Breaking: Oregon Apollo pulls the plug

This news just arrived from the Oregon Apollo campaign for renewable energy:

Given the ongoing court challenges to our ballot title and the requested review by the Supreme Court, it appears most unlikely that we will have sufficient time to gather the necessary signatures to place this measure before the voters in November.

For this reason, we believe that the best course of action is to transfer our time and energy from the 2006 initiative to a multi-year effort to solidify and align the various groups committed to advancing renewable energy development use here in Oregon and across the region.


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    Damn. Apollo is such great idea for progressives on so many levels (pro-environment, pro-economy, pro-health). It brings so many political battles onto our turf. That, and it's just the right thing to do. It's especially disappointing having seen how much support rallied to the Apollo banner at the Engage Oregon conference. People committed to thousands of gathered signatures and hundreds of volunteer hours.

    I don't mean to take anything away from the people who worked to get this measure on the ballot but ultimately came up short. By what few accounts I heard, it was an uphill battle, and I have nothing but respect for those who dedicated their time and energy to trying to make this work. I'm still really bummed though.

  • JEsse O (unverified)

    Initiatives 101. File in time for the court challenges to work themselves out. They happen all the time, they take from 2 to 8 months. Nothing surprising about it.

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    This isn't that breaking. the problem is the concept of green energy and energy independance is easy to understand and polls well. The probelm is the actual law to foster those things was dense and confusing.

    I wouldn't rule this out and I also know that the Governor would like to move somehtign similar in the session.

    I know that the Apollo allanice and the Governor's office had some static over issues of control but I think both sides want Oregon to be a model fo what a State can be like. Hopefully we can create some bi-partsin support and move this through the legislative process in 2007.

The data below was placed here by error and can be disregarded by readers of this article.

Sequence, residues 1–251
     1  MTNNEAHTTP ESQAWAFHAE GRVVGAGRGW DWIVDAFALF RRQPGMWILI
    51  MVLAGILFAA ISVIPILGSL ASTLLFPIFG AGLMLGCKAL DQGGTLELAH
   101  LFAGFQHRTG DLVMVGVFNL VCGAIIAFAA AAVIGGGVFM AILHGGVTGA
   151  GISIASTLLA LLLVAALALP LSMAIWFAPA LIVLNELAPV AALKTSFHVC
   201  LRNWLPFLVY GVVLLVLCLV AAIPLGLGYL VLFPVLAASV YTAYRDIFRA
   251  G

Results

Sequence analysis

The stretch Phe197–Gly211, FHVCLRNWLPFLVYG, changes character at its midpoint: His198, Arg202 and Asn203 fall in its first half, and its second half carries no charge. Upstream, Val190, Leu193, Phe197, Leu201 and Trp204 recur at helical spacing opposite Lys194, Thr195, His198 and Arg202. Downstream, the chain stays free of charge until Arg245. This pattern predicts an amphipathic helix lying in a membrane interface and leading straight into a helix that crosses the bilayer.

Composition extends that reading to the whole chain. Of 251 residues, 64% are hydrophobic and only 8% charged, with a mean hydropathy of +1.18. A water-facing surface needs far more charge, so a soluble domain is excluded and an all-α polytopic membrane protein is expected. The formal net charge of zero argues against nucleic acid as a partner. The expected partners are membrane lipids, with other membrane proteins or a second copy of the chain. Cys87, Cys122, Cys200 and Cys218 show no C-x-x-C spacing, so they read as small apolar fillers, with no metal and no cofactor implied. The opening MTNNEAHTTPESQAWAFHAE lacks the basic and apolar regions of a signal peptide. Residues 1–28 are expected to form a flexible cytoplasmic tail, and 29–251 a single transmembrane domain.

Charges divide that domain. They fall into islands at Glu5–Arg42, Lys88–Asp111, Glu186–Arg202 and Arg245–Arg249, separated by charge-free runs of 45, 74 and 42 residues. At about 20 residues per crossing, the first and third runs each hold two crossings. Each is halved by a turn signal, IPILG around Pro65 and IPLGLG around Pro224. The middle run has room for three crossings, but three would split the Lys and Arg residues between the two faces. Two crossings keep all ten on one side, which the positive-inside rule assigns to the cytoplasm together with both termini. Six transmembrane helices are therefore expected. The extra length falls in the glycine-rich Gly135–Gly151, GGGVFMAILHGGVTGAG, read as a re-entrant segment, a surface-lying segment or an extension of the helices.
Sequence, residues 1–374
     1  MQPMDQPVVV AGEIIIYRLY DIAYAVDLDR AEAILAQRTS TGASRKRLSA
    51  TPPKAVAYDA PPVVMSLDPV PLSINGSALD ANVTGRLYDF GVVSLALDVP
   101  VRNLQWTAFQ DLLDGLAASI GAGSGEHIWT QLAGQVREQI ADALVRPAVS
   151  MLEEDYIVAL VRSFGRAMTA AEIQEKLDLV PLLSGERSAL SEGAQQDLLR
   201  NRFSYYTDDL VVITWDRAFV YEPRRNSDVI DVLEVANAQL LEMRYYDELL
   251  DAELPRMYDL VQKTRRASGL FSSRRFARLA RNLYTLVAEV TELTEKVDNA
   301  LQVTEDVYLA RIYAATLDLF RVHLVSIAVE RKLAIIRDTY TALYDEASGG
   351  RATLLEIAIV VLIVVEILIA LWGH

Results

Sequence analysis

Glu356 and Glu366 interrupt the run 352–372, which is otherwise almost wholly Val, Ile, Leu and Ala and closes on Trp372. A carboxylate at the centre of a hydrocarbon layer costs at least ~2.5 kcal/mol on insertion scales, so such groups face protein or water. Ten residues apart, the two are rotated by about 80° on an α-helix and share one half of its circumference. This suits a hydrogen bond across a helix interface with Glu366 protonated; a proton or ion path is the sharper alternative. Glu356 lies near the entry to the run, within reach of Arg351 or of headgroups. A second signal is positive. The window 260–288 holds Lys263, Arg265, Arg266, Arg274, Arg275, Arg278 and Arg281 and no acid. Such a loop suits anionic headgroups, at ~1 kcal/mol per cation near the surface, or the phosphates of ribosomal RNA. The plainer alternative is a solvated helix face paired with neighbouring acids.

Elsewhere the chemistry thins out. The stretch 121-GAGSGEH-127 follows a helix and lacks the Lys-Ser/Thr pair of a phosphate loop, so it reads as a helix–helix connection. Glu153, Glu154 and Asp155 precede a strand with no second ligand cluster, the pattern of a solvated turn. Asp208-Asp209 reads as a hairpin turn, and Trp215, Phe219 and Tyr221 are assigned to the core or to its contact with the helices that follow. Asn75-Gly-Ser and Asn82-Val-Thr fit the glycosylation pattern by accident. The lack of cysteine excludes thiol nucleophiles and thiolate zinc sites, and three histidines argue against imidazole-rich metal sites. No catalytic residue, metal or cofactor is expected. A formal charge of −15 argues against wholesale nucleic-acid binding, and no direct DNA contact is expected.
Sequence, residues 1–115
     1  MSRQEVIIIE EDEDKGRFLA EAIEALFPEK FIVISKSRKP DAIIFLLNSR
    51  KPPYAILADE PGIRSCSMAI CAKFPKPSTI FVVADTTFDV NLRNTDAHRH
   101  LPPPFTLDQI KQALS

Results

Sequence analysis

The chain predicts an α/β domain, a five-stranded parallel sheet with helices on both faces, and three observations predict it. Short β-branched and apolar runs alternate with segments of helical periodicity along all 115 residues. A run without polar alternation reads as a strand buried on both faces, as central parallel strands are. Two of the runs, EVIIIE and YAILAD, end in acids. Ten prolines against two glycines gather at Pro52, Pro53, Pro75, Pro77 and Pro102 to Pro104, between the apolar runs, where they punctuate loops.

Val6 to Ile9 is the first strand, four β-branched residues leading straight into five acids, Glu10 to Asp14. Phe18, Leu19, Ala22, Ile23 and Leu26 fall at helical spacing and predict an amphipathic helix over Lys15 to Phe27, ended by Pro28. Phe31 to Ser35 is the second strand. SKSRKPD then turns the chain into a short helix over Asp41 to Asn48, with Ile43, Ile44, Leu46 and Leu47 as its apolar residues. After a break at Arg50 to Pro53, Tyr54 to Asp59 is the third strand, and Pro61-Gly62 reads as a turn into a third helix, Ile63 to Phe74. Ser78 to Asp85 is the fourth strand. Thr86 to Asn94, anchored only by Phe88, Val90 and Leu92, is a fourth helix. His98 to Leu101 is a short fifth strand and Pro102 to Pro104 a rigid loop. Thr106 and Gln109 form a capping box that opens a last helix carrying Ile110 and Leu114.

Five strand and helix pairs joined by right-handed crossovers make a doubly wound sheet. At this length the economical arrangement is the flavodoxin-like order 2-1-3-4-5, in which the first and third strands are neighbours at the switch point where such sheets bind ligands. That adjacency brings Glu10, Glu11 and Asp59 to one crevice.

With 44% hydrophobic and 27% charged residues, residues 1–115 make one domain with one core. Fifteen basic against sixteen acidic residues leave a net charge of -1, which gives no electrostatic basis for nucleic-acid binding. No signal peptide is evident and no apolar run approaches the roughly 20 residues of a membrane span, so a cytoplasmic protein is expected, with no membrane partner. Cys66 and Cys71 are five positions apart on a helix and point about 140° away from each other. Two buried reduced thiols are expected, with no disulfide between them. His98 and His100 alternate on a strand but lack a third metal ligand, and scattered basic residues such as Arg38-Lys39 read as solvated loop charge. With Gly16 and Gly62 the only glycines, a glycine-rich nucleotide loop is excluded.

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    Clean energy jobs are a way that we can be a real national leader. It's good High-Road Economy, bridge-building stuff.

    As a movement, we are too slow in putting together balot initiatives. Hopefully, we can get good energy stuff ready NOW for 2007 and beyond.

    It's an issue that people should run on in 2006 and beyond. There's a movement there...waiting to happen.

    Onward, JS

  • David (unverified)

    Serious question, what is the Bus going to do with its endorsement of this measure now that its dead?

  • THartill (unverified)

    So why not an "apollo mission" to gather enough sigs? 75,000 is a big number, but with gas prices hitting $3+ in the next 2 weeks, everyone will be talking about it. I could get 200 sigs in a few days for this, many more if there was actually some press about it. Which brings up another question, where is the press? I have not heard a word about it until today. We have 3 local energy groups that meet/do presentations every month and the rooms are always packed. Surely there is at least 100 more of these thoughout Oregon, there is 20,000 sigs right there.

    Certainly I thank the folks involved with this, but come on, what the hell is going on here?

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    If the Ballot title was "Save Money on Fuel" or something like that, you could get a couple of hundred standing at a gas station.....


    Mr. Smith said it best, A national movement waiting to happen, and we can be the lead state.

    Sorensen was a true believer from the git go and Teddy K has gotten religion as well, so one hopes that this'll get the attention that it deserves.......


    Brazil is currently around 85% enrgy independent around the ethanol production right now, and I can see where with off the shelf tech, you could easily put together a plug-in hybrid, that ran on ethanol. How cool would that be?

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    <h2>This really sucks ass. It's a little odd, too, given that for the first time, we're starting to see some real recognition of the problem posed by global warming. And yet perhaps that's the silver lining--the greater awareness may make legislation or subsequent ballot measures more likely to resonate with people.</h2>
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